Idea-shy mayor’s race: playing for time, or putting us to sleep?

In lieu of fresh thinking, will candidates rely on the old stand-by?


It’s true that elections are no time to debate policy – between the hot button-pressing and the sound bite speaking, no one seems to want to do any actual big-T Thinking. But municipal elections are slightly different than their provincial or federal counterparts. Candidates can register as early as ten months before election day, so they can start spending money and get their message out to prospective voters.

With six months to go, it’s still early, so it’s not too surprising we haven’t seen much from the front-running mayoral candidates about their vision for Ottawa. But perhaps it’s time they started throwing out some ideas. Six months is long enough to get people talking. By the time September rolls around, schedules become packed, the media starts paying more attention, and candidates have less control over the debate. So why not get ahead of the game and set the agenda while you still can?

Unfortunately, there doesn’t seem to be a lot of action on the policy front. Or even the dialogue front – social media does offer opportunities to engage the public in dialogue. So far tweets about attending community events and canvassing in various neighbourhoods abound (if indeed candidates are on Twitter at all), but little else. Hardly a dialogue. Not a very engaging monologue, either.

I’m not suggesting mayoral candidates crowdsource their election platforms (although that would be an interesting exercise). But if Jim Watson (for example) intends to “outline a thoughtful and affordable plan to help restore the city’s sense of purpose and stature…. a collection of ideas and plans generated not by one person, but by a community” (, wouldn’t it make sense to use the tools available to him to make his process a little more transparent?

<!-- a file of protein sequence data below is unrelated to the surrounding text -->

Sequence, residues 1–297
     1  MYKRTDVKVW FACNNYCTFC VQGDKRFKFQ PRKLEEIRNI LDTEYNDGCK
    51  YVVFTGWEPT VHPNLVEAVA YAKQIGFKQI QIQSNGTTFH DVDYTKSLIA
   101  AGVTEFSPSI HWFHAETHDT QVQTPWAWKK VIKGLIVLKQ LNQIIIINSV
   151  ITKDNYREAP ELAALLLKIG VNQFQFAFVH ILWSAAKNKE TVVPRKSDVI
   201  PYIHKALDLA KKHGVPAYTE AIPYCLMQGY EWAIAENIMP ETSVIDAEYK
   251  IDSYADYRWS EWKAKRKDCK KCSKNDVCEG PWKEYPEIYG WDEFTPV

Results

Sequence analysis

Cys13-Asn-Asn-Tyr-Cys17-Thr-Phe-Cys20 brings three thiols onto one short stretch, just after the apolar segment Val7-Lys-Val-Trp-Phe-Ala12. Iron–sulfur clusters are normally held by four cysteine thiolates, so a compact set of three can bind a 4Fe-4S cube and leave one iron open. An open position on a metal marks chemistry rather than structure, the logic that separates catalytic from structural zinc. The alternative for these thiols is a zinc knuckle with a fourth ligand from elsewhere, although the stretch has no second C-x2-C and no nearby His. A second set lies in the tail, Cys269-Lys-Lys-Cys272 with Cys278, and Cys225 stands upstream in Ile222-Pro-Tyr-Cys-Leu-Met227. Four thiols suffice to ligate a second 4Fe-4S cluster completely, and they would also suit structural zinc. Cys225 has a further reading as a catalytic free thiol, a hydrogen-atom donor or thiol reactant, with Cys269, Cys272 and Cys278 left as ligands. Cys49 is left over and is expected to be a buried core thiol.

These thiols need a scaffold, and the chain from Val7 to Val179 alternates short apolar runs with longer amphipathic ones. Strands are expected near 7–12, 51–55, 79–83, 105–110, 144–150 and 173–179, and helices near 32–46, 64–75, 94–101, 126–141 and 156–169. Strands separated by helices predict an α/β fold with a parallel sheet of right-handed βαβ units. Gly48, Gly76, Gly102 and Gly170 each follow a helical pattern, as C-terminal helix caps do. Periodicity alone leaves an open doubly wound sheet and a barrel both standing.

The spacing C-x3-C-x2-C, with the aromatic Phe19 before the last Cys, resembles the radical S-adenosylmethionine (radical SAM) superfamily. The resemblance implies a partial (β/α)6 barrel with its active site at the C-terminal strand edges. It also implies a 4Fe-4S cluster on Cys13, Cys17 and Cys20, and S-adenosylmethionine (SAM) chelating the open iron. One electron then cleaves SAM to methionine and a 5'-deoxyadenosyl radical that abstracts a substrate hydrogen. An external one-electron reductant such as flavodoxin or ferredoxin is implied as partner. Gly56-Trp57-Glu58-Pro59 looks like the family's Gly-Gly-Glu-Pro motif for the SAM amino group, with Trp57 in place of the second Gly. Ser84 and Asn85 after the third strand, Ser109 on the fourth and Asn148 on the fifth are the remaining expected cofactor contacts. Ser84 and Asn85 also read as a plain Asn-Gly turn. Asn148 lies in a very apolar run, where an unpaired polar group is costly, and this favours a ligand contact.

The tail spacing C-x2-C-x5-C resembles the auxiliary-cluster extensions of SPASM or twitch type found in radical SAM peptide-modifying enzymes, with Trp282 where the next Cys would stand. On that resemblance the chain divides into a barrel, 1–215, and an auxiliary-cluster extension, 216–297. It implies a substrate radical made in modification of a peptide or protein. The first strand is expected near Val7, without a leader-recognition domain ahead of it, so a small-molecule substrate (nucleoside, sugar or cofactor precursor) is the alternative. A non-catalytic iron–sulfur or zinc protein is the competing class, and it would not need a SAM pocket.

Platform development isn’t easy. You need to find the right balance of issues, differentiate yourself from other candidates, appeal to a diverse voter base, keep it simple and snappy enough to be remembered and robust enough to get past the wonky folks like me. Add to that a collection of supporters and a campaign team with different interests (and likely a hobby horse or two). It takes time. I get that.

But in the meantime, why not strike up a conversation? Throw out some ideas? Because being Mayor is not just about listening and gathering ideas. It’s also about leadership, and leadership means not being afraid to offering an idea of your own from time to time.

UPDATE: Jim Watson launched his campaign yesterday. Although his website doesn’t indicate it, the Ottawa Sun reports that his speech gaves a glimpse into Watson’s platform priorities: “Among his key campaign planks will be economic development, ending homelessness, dealing with urban sprawl and creating a greener nation’s capital.

He also spoke about rolling out the red carpet in Ottawa in 2017, when Canada turns 150, vying for events like the Grey Cup, the Junos and the NHL’s outdoor Winter Classic.”

The Sun’s Sue Sherring also reported that Alex Cullen plans to relaunch his campaign next month.

So, we have some clues. Now to add some substance.

photo by Nick Farnhill